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Fabulous Before-and-After Showhouse Kitchen

A modern design draws on personalities past and present

Written by Amy Elbert
  • Peter Rymwid

    Notes inadvertently left behind, a previous owner’s love of dogs, and world events of the early 20th century (including the sinking of the Titanic) all played into Lisa Mende’s design of the kitchen at the Junior League of High Point, North Carolina, 2015 Designer Showhouse.

    “Every time I start a project, I go back to the history of the house and look to the interests of the homeowners for inspiration,” the designer says. This house was built in 1912 when Art Deco design was emerging, Mende notes, so she chose a classic black-and-white palette and bold geometric patterns (Deco favorites) for fabrics and a wallcovering on the ceiling.

    White subway-style tiles extend from the quartz countertops to the ceiling, defining the work zone and creating a clean backdrop that harkens to an early 1900s kitchen. Window fabrics are graphic Deco-like, black-and-white motifs that depict oversize champagne flutes stacked end-to-end. “That’s a nod to the original owner of the house, who was a big entertainer,” Mende says. (Dorothy Terry’s entertaining diaries were found in the kitchen during demolition.)

    An existing deeply recessed skylight was also integrated into the design with some clever visual tricks. Mende painted the skylight’s wood trim black to match the cabinets, extended cabinets to the ceiling, and covered the ceiling with a graphic wall covering. “Now the skylight feels more a part of the design; it feels fresh and intentional. Light floods the room and makes the room feel warm and inviting.”

    The palette and motifs, such as “Labyrinth” by Cole & Son on the ceiling, are Art Deco-inspired.

    Photography: Peter Rymwid and Dustin Peck

    Interior designer: Lisa Herring Mende, Lisa Mende Design, 2935 Providence Rd.., Suite 202, Charlotte, NC 28211; 704/561-1466,  

    Cabinet design (by Melonie Plotkowski): Marsh Kitchens,
    Cabinet style (“Summerfield”/Onyx): Marsh Furniture,
    Cabinetry hardware (“Lewis Dolin Bar Hardware in Brushed Brass, 12-inch pull, #31-105); bar knob (#41-101; 6-inch model (#31-104): My Knobs,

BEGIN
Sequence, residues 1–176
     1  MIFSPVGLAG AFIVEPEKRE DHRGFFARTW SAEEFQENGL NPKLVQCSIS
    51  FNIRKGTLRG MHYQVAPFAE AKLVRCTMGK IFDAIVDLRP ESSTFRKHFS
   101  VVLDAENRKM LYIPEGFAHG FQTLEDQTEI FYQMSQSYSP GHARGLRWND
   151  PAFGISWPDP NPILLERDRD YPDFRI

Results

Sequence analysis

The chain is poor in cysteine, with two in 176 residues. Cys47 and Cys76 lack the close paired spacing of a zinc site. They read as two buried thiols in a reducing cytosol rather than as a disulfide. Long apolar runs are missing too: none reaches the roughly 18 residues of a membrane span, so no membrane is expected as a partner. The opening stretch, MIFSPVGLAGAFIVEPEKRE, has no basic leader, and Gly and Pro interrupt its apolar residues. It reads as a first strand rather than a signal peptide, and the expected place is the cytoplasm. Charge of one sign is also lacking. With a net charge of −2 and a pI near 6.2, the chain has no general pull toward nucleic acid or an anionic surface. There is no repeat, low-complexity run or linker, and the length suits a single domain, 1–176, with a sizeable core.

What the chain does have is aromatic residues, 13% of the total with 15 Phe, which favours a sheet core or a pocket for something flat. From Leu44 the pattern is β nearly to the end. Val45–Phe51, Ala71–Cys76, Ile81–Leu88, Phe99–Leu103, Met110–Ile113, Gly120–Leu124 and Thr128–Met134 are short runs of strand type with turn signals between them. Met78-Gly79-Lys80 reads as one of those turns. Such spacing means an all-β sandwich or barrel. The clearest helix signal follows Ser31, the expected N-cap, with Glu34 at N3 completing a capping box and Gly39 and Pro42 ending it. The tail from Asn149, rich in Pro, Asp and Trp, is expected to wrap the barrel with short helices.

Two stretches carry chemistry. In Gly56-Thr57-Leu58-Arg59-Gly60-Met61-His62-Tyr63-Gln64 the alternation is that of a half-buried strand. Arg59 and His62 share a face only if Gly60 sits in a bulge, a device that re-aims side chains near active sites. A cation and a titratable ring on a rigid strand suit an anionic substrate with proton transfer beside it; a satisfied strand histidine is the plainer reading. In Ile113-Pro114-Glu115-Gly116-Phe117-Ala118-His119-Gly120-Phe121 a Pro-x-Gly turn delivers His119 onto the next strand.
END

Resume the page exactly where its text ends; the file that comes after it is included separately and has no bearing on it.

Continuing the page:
Flooring (handcrafted from 8x10-inch wide plank White Oak, prefinished with a Custom Amber Matte and finished with soft wire brush): Carlisle Wide Plank Floors,
    Wall and ceiling paint (“Designer White” #33-1); trim paint (“Black” #25-17); primer (Dark Primer): Pratt & Lambert,
    Ceiling wallpaper (“Labyrinth”/Black, Beige #93/5018CS, by Cole & Son): Lee Jofa,
    Range (48-inch Professional Series Pro Grand Commercial Depth Dual Fuel Steam Range #PRD48JDSGU); MicroDrawer (24-inch Built-In #MD24JS); refrigerator (48-inch Built-In Side-by-Side” #T48BD820NS); wine preservation column (18-inch Built-In #T181W800SP); dishwasher (“Panel Ready Star-Sapphire” #DWHD651JPR); coffee machine (Built-In, Fully Automatic #BICM24CS, in Stainless Steel): Thermador,
    Perimeter countertop (“Serene” #Q1001); island countertop (“Kolams” #Q4009): Wilsonart Quartz,
    Installation: The Stone Resource,
    Backsplash (“Earthenware Elements Rectangle Field Tile”/Gross White  3x6 inches #AS9500FLD): Ann Sacks,
    Main sink (“Cast Iron Kitchen Sink” #L20305-00); main faucet (“Bacchus High-Arc Kitchen Set with Side Spray”/Antique Copper #P21563-00); island sink (“Monte Carlo II Round Bar Sink”#P20283-00); island faucet (“Bacchus High-Arc Basin/Bar Set”/Antique Copper #P21560-00): Kallista,
    Wall lights (“Pimlico Double Swing Arm Wall Lamp” #CHD2150); ceiling light (“Sophia Flush Mount” #AH4016, by Alexa Hampton): Circa Lighting,